- 'Never a Good Time'
- Getting Compensation Under Control
- U. of Texas system adopts a performance pay system for campus presidents
- How Much Is Too Much?
- University of Texas at Austin's new president asks for less money
- Contract negotiations put Morgan State, University of Iowa presidents in tenuous positions
- Paying for Performance
- Illinois legislators scrutinize college executives' pay and exit packages
A Cap on Pay (and Bad Press)
Under pressure from several directions, California State University trustees approve a ceiling on compensation for incoming presidents.
Sometimes the political pressure is just too much to take.
In an about-face from six months ago, when it defended a more than 30 percent jump in compensation for one of the system’s new presidents, the Board of Trustees of the California State University System approved Wednesday a new policy that caps the amount of state dollars campuses can direct toward compensation for new presidents at 10 percent more than their predecessors received.
The move will probably help mollify some critics, including faculty, students, and lawmakers, who have been vocal about the system’s presidential compensation since July when the board -- at the same meeting it voted to increase undergraduate tuition 12 percent – increased the annual pay for the incoming president of San Diego State University to $400,000, $100,000 more than his predecessor.
But the new policy could also have negative ramifications, search and compensation consultants say, since it ties the universities' hands in terms of recruiting presidents, and could limit the quality of applications the system receives at a time when the system is poised to see a dramatic turnover in leadership.
“There is a lot of competition for the best talent, and that competition is nationwide, and to be a competitive player and draw the most talented people to become presidents of their colleges, you have to pay what the market place demands,” said Raymond D. Cotton, a Washington lawyer who specializes in presidential contracts.
A study conducted for the board in March found that salaries of California State presidents fell between $258,000 at the Maritime Academy to $328,200 at San Jose State and California Polytechnic State University at San Luis Obispo. The system's peer institutions at the time had an average salary of $425,945.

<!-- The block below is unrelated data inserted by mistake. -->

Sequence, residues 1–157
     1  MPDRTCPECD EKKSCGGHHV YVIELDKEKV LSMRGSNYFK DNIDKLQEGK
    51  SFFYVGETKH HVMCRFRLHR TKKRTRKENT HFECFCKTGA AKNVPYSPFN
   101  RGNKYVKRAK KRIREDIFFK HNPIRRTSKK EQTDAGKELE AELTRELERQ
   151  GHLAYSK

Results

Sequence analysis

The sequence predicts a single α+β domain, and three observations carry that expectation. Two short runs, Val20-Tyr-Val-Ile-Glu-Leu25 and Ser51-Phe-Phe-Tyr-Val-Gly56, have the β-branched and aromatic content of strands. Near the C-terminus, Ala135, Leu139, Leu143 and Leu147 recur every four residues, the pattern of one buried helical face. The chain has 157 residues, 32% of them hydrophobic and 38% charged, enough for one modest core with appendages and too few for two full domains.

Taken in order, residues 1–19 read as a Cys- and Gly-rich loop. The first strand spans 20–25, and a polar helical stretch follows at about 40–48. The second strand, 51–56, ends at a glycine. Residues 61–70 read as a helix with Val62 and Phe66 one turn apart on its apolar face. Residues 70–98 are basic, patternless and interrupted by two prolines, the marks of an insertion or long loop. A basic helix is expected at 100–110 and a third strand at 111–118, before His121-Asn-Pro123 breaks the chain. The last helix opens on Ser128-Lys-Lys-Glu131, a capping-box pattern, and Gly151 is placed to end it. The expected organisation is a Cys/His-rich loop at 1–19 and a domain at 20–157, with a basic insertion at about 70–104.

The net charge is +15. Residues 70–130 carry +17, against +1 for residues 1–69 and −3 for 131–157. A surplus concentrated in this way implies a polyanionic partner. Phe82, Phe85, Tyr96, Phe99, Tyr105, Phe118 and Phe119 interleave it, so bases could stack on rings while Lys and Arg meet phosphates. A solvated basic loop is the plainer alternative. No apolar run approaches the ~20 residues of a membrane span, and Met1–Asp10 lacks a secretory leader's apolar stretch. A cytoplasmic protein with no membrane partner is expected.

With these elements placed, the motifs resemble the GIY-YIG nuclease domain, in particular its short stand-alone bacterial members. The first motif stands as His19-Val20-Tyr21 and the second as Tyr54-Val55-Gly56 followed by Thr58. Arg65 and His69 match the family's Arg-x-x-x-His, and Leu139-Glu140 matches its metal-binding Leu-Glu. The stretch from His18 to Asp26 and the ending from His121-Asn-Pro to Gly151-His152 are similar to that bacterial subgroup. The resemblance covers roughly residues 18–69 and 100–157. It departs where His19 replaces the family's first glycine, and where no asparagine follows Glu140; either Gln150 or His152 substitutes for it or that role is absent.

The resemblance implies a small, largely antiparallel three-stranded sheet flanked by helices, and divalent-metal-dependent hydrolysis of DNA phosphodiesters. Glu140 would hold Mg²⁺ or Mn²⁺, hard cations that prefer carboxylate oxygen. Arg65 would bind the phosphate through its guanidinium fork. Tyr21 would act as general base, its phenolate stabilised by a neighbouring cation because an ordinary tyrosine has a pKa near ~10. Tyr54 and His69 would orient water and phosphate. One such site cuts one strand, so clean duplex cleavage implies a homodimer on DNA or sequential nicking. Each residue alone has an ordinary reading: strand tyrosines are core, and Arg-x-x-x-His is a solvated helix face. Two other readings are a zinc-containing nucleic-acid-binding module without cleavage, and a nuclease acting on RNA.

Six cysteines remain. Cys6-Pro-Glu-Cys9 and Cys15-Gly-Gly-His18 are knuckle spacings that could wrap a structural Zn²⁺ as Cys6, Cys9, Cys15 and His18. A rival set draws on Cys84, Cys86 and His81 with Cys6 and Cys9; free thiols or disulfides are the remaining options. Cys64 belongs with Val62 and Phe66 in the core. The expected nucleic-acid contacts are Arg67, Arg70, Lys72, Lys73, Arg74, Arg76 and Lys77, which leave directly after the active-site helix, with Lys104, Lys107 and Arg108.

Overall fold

While adopting the new policy, the board also adopted a new lists of comparison institutions for Cal State campuses of different sizes. The old list of comparable institutions had the same peers for all campuses, regardless of size, and included some private institutions that tended to drive up the average salary. Under the new policy, the mean of each campus’s comparison institutions will be the starting place for salary determination, and other factors including the candidate’s “reputation for national leadership and length and depth of executive experience” will help determine the final salary.
The California State system has been one of the hardest-hit by the economic downturn. The system has seen three successive years of state funding cuts and has made significant cuts to operations while increasing tuition to offset the shortfall.
Wednesday's decision is predominantly a political one rather than a financial one, since presidential compensation in the California State system, even for the highest paid presidents, does not amount to even 1 percent of any campus's budget. Elliot Hirshman, the San Diego State president whose salary first raised the compensation issue in July, receives $400,000 annually -- $350,000 of which comes from the state, the rest coming from the university's private foundation (all of his predecessor's compensation came from the state). The university spent more than $256 million in 2009-10, the year with the most recent data.